Someone asked my daughter about the best advice she’d ever received, and to my surprise, she told him the advice I’d preached to her all her life: You don’t have to be just one thing. I did more than preach it. I lived it.
I started out as a wife on a hobby farm which morphed into a stay-at-home mom until the opportunity to go to college came along. I grabbed it with both hands and succeeded. My goal was to be the best math teacher ever, but after several years of substituting and working as a teacher, I decided there must be better ways to make a living. I found there were not only easier ways that paid much better, but there were lots of opportunities. With my degree in math and minor in history, I moved from teacher to labor market statistician to newsletter editor to timber sale accountant to archaeological technician to natural resources technical writer/editor. In my working life, I was more than one thing.
Going from one job to another required getting out of comfort zones and facing new challenges. First days on the job were always the worst because of the nagging question of whether I did the right thing. Learning never ended but continues throughout my life. It didn’t have to be work related either. During all my careers, I also found time to take art lessons for several years (I even sold a painting in a gallery) and joined a clogging dance group and performed at many functions over the years. I learned to quilt which led to closets full of colorful fabric creations. I read books of all kinds, fiction and nonfiction. I spent years as a literacy tutor for adults who couldn’t read.
Even with trying all kinds of new things, I knew I wasn’t quite where I was supposed to be. I kept searching for what I loved the most, and I finally found it when I retired. I became a fiction writer. I know in my heart of hearts that’s what I was always meant to be. The satisfaction and peace writing give me was worth the journey and the search. Without those, I wouldn’t be as good of a writer. I learned from each experience that got me to where I am today.
Here are a few of the important lessons I’ve learned in my lifetime:
It isn’t the type of college degree that’s important through career and life changes; it’s attitude. Everything has something interesting about it, even though it may seem mundane and boring to most people. Look for it. I mean, labor market research? Environmental impact statements? Who reads that stuff? Trust me. It’s read by those who write it, those who want it to support their positions, and those who want to sue someone over it. It’s important to get it accurate, get it right, and know why it’s accurate and right. Once you know what it’s used for, it gets very interesting.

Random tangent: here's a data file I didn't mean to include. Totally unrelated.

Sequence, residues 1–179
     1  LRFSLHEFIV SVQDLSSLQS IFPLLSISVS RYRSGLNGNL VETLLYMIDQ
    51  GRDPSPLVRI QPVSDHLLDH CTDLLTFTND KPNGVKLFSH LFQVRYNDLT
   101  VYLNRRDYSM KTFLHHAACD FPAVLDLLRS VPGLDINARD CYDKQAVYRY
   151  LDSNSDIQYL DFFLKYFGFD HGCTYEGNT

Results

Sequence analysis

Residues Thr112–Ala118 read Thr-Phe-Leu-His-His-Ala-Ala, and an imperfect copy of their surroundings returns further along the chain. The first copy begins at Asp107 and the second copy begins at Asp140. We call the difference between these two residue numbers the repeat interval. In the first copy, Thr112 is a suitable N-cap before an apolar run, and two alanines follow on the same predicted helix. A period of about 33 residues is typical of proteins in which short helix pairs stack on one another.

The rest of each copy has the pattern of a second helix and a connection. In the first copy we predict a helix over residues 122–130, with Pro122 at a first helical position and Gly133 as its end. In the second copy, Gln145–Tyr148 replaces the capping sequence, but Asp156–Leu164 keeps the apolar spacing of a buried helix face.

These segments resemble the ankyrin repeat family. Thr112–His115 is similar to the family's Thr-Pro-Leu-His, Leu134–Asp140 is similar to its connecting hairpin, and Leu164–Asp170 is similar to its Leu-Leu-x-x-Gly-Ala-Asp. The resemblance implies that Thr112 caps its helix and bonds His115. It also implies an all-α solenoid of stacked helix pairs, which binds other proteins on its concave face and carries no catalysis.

If you aim to excel in your career(s), you must educate yourself. Be proactive and take responsibility to learn all you can about what you’re doing. I don’t mean watch YouTube videos, search what social media and Wikipedia say about it, or skim websites. I mean dig in deep. Read. Read a lot. Open the books. Learn the topic in depth. Read the reports. See what the experts say. Figure out the whys and hows of doing jobs. Not only does that help with your job, but it helps you understand the logic behind what’s being done or should be done.
The best computer you’ll ever own is between your ears. It’s portable, rechargeable, programmable, has limitless capacity, and goes everywhere you go because it’s so compact. When you educate yourself, you’re programming that personal computer in your head and loading it with valuable information that you’ll carry along wherever you are. Take care to load only the very best data. If you input corrupt or worthless data, it’s like the old saying garbage in, garbage out. Plus it takes up space that could be used by better and higher quality data. Filter what you input so that your computer will serve you well in future opportunities and situations.
Don’t be afraid to try new things. You might find something you like. Don’t be afraid of getting dirty and sweaty while working hard. You’re washable. Don’t be afraid to learn something because you don’t think you’ll ever use that information. Unless you have a crystal ball or ESP, you don’t know that for sure. Don’t be afraid to step away from something that doesn’t work for you. Just make sure you have another opportunity waiting. Idleness never accomplished anything.